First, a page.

We’ve seen it time and time again. A victim/survivor of domestic violence or sexual assault decides to take the incredibly brave step of coming forward to report the crime to law enforcement, only to face humiliation and an ultimate lack of justice. Here’s an example of how the story too often goes: Continue reading
Law enforcement officers, social workers, health care professionals, teachers, and other state employees have been pushed to learn about the dynamics of domestic violence, but one crucial group of people is sometimes overlooked—our judges.
It is not uncommon for a victim to change his or her story or to feel uncertain while in court. It is the judge’s role and responsibility to not only rule fairly but also to understand the position of the victim—a position often driven by fear and confusion.Continue reading
Written by The Mary Byron Project Intern
If you were walking down a public street and suddenly noticed a man beating a woman to the ground, violently hitting her, you would know that you were witnessing abuse. You would not only label it as wrong but also hopefully take action—calling the police or intervening yourself.
If you were in a store at the mall, and you heard a woman screaming threats of violence and death at her partner you would again label this as wrong and know action should be taken, whether that is bystander intervention or contacting law enforcement.
So then why is social media any different? Instinctively our gut tells us it is wrong when we see someone being physically abused or threatened in public. We must realize that our lives our now online and online abuse via social media must be viewed with the same gut-wrenching disgust.Continue reading
Our nation’s domestic violence problem has been featured in the news quite a bit this week after Baltimore Raven’s running back Ray Rice was suspended by the National Football League for a mere two games after knocking his then fiancé, now wife, Janay Palmer unconscious in an Atlantic City casino elevator. TMZ obtained security camera footage of Rice carelessly dragging her immobile body from the elevator doors, and it subsequently went viral. The NFL’s dainty punishment can only be described as absolutely and entirely horrifying. I would think that everyone would agree. I would be wrong. ESPN analyst Stephen A. Smith suggested that domestic violence victims should educate themselves “about the elements of provocation” and because Rice’s fiancé had “provoked” him, he asserts, “It’s not about him then, it’s about you.” Goodness gracious, surely no one thought he was making any sense at all in saying that her tragic beating was her own damn fault? Wrong again. Whoopi Goldberg’s diatribe on “The View” communicated the message that if only women would learn to stop hitting men, we wouldn’t be having these problems. Yes, ladies and gentlemen, the age old dilemma of intimate partner violence has been solved. It was the woman all along! I suppose it’s high time we pack up the office.Continue reading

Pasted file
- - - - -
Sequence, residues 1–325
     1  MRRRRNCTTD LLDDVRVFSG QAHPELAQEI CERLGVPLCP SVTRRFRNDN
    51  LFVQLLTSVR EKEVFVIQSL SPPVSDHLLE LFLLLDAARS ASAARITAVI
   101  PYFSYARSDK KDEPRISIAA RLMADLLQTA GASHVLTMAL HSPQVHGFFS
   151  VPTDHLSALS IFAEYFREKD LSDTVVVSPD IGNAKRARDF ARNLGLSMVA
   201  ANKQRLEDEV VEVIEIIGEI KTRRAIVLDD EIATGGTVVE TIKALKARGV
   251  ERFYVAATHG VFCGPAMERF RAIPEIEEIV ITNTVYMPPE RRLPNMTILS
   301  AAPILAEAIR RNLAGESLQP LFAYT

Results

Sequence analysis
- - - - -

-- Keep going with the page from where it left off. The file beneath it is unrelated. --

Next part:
Empowering young people with the tools and the language to decipher healthy relationships from abusive ones is imperative in order to quell the epidemic of teen dating violence. We often forget that dating violence, which encompasses physical, emotional and/or sexual abuse between two people in a close relationship, can occur at any age, and can be most detrimental for young people whose ideas about what is normal are still being formed. Among adult victims of rape, physical violence, and/or stalking by an intimate partner, 22% of women and 15% of men first experienced some form of partner violence between 11 and 17 years of age. Absolutely paramount in the attempt to end a widespread issue like this is prevention through early education. We must make communication about this issue accessible to teens and introduce intervention before patterns of abuse are cemented. Studies demonstrate that parents and peers are the most effective avenues to reach adolescents and because parents, unfortunately, continuously prove too squeamish, too detached, or too ignorant, the greatest prospect of social change will be through popular opinion leaders and peers.Continue reading